I then took this process and adapted it for use with my fifth graders, who were practicing low la (they are a couple years behind, as I began teaching them last year.) I used the song “Who has seen the wind,” as notated below.
Once the students were comfortable with the song, I went through the process below. This took several lessons, as I typically only planned 5-10 minutes in each lesson, putting one step into each lesson over the course of several weeks.
- Image brainstorming: Students closed their eyes and pictured a windy day. What did they see? Hear? Smell? I wrote this list on the SMART board and saved each class’ list. Note: When Clinton, Tina, and Jason presented, they had students work with small groups and write their own lists. Examples of images they brainstormed included “fall baseball,” “flying leaves,” “breeze,” “howling wind,” etc. They were usually much more creative than I expected!
- Body percussion/ pattern brainstorming: I then wrote 4 of these words/images on the board, in 4 boxes. I chose 4 words with different rhythms, so the pattern would be rhythmically interesting. For example, in the four boxes, I may have had:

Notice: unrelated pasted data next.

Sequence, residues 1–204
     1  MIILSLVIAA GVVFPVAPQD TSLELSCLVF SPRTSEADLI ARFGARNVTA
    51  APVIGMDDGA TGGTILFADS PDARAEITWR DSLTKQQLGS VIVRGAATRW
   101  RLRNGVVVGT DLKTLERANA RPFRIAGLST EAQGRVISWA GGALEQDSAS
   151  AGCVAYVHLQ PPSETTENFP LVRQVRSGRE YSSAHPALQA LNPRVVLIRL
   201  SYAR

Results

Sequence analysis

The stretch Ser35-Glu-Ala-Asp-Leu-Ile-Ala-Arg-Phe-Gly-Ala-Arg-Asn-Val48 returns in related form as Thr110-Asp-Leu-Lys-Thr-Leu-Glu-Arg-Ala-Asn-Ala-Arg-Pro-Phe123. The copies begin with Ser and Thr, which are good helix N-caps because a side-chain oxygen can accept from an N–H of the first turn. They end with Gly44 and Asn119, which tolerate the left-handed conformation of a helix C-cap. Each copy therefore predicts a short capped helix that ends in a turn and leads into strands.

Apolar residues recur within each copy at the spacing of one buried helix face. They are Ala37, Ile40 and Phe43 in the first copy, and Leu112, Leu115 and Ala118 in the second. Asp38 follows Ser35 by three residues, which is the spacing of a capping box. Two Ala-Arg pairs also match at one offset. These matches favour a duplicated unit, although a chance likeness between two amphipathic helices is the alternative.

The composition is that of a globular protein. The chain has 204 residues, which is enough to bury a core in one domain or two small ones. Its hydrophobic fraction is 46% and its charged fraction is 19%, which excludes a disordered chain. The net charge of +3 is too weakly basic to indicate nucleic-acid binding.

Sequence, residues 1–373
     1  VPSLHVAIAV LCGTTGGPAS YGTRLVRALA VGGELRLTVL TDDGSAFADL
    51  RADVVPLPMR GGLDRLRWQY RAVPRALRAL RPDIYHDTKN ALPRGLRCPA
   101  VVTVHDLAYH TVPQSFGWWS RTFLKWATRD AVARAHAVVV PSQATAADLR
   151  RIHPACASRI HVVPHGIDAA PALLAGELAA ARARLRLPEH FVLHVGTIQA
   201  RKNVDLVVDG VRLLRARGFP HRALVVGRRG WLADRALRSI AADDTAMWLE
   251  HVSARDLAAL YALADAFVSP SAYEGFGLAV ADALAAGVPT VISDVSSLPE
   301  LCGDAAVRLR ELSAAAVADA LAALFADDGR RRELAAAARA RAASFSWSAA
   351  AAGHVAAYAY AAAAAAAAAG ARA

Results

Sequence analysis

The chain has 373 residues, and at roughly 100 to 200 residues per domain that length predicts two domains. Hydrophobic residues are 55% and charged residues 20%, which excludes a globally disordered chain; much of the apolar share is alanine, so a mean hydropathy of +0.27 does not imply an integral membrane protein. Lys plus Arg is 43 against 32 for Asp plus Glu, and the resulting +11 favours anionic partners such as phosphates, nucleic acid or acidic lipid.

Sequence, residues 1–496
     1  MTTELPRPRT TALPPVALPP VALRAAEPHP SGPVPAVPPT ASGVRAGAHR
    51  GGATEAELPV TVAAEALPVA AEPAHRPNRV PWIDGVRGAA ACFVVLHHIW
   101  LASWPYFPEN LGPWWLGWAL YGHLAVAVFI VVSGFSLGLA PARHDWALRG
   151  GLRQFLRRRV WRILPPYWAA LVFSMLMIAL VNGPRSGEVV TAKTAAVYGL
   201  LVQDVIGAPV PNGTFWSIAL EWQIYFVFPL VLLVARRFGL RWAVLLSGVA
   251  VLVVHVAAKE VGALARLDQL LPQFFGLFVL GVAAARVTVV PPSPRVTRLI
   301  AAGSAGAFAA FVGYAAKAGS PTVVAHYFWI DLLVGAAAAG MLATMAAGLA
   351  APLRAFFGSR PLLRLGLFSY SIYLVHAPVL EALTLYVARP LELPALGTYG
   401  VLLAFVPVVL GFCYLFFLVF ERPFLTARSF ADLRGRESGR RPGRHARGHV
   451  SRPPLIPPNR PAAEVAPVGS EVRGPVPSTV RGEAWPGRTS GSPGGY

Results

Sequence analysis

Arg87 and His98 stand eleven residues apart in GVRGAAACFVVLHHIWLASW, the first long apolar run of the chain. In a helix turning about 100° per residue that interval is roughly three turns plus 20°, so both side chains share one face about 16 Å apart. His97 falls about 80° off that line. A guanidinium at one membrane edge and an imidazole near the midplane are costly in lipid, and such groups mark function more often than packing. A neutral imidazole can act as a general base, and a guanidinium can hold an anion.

- Jump in leaves Flying kites Fall baseball Smooth
- Each box was 2 beats long, so “jump in leaves” was ti-ti ta, and “smooth” was ta rest.
- Then I had students create their own patterns and put those patterns on their bodies. For example, a student might say “smooth flying kites fall baseball smooth” while tapping his/her head.
- Each time we tried different body percussion (lap, hands, feet, etc.) while saying a new pattern. I also had students find something in the room to play—but not an instrument. Students were hitting walls, hitting floors, “playing” stands, etc.